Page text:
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besought him to dine with him; and he went in and sat down to meat. And when the Pharisee saw it, he marvelled that he had not first washed (ebaptisthē) before dinner." Here, also, the inconvenience of an immersion is supposed to require a different sense of the word-an objection which overlooks the difference between the dress and customs of Oriental life and those in the Western world. A bath would have required little time or trouble. Here Jesus had been in a crowd composed of all classes, and the possible defilement extended to the whole body. The washing of hands, therefore, would not have sufficed; but, as in the previous case (Mark vii. 3, 4), Jewish tradition required a complete immersion, for which, doubtless, the Pharisee's house furnished abundant means, as the better class of Oriental houses do now. Meyer comments on this incident: “They expected that he would first purify himself by an immersion—that is, by a bath (comp. on Mark vii. 3, 4)-before the meal." If the Pharisee himself would not eat after coming from a crowd without bathing (as is shown in Mark), it was certainly natural that he should expect so distinguished a rabbi as Jesus would not do so, and should express his surprise at the omission.

Acts ii. 41 : “ Then they that gladly received his word were baptized : and the same day there were added unto them about three thousand souls." It is here supposed that the immersion of three thousand at Jerusalem in one day is wholly improbable, if not impossible. But it should be observed the text does not affirm that three thousand were baptized on that day, but only that this number were added to the church.” How they were added is not stated. It is surely not impossible that many who had already been baptized by John the Baptist, and by the apostles during the ministry of our Lord,

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were among those who publicly united with the church on that day, and these needed no further baptism. But, not to insist on this, if we suppose the actual baptism of three thousand, there was no difficulty in immersion, as the following considerations show:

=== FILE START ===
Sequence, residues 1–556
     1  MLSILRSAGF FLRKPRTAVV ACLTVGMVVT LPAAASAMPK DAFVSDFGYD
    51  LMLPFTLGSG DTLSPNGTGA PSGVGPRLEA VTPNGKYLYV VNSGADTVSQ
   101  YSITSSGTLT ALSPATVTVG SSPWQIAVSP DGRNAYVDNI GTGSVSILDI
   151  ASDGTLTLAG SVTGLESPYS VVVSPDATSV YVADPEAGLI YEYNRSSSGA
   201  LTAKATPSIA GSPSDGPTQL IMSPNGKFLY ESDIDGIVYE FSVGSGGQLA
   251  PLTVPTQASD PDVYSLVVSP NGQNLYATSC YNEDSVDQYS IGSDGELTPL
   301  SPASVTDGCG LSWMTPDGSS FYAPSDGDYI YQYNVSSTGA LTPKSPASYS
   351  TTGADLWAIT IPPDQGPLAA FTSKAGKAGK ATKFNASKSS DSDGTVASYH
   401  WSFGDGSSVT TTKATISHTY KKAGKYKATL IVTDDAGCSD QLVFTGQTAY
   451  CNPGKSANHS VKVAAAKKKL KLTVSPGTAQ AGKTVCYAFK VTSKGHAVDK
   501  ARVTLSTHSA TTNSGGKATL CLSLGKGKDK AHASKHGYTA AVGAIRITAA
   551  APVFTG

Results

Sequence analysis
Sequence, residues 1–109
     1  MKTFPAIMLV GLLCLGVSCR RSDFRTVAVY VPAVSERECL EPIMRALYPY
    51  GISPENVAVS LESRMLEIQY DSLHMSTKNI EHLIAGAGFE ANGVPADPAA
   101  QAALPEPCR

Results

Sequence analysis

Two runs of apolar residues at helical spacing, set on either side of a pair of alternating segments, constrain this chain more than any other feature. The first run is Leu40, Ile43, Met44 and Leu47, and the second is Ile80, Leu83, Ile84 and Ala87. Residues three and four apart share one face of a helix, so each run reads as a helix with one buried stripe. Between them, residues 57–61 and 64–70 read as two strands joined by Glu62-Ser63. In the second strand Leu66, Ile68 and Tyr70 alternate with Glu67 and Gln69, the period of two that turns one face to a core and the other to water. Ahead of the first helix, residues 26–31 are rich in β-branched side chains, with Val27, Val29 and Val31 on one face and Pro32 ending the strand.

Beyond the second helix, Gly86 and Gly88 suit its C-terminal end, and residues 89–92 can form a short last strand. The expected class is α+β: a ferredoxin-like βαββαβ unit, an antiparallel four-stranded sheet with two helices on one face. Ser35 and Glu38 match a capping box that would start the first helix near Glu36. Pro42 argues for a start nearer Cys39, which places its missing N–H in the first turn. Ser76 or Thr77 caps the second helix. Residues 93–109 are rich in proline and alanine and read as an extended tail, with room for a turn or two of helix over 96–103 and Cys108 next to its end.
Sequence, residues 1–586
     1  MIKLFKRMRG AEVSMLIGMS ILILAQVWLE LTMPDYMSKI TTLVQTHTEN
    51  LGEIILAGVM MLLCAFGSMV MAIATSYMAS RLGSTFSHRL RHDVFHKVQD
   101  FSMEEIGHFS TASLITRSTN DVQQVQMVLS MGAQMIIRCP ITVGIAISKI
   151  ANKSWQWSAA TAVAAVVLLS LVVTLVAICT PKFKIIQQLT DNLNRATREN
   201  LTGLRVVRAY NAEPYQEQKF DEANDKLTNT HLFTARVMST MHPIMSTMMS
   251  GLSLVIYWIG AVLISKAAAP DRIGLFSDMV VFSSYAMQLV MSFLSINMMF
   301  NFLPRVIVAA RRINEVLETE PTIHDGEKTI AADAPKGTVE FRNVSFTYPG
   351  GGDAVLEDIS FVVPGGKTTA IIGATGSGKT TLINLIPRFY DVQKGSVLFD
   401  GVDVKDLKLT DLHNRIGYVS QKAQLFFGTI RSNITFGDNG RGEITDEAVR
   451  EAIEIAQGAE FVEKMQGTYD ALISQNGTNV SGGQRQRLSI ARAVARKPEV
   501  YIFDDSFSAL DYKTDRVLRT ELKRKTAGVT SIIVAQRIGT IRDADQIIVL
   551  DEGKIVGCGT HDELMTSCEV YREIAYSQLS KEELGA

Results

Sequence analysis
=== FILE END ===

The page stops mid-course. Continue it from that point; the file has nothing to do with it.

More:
1. As to administrators. If we restrict the administration to such as had a ministerial commission, the twelve were certainly there; and of the "seventy" know some were present, for one of them had just been chosen to the apostleship. These had all been commissioned by Christ himself to preach and baptize; and if all of them were present, it would be less than thirtyseven candidates to each administrator.

2. As to time. It is a mistake to suppose that immersion requires of necessity much more time than sprinkling or pouring; for in either method of administering the rite, the formula must be pronounced and the act performed in the case of each person separately. It must be remembered, also, that the dress and customs of Orientals require far less elaborate preparations for immersion than with us; especially would this be the case at the time of the Pentecost, occurring in the hot season of the year.

3. As to water. The supposition is certainly not necessary that all assembled at one time and place for baptism ; it is, perhaps, hardly probable. But even were this necessary, an immersion would present no difficulty, for Jerusalem has in all ages been distinguished for its immense supply of water. Strabo's brief description of the city is : "Jerusalem, a rocky, well-enclosed fortress; within, well watered ; without, wholly dry.” It is a remarkable fact that in all the sieges through which the city has passed, though it has often been reduced to fearful straits from hunger, it has never suffered from lack of water. Dr. Robinson, after describing "the immense cis

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terns now and anciently existing within the area of the temple,” says: “In addition to these, almost every private house in Jerusalem, of any size, is understood to have at least one or more cisterns, excavated in the soft limestone on which the city is built. The house of Mr. Lanneau, in which we resided, had no less than four cisterns; and as these are but a specimen of the manner in which all the latter class of houses are supplied, I subjoin the dimensions :

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Most of these cisterns,” he adds, “have undoubtedly come down from ancient times; and their immense extent furnishes a full solution of the question as to the supply of water for the city."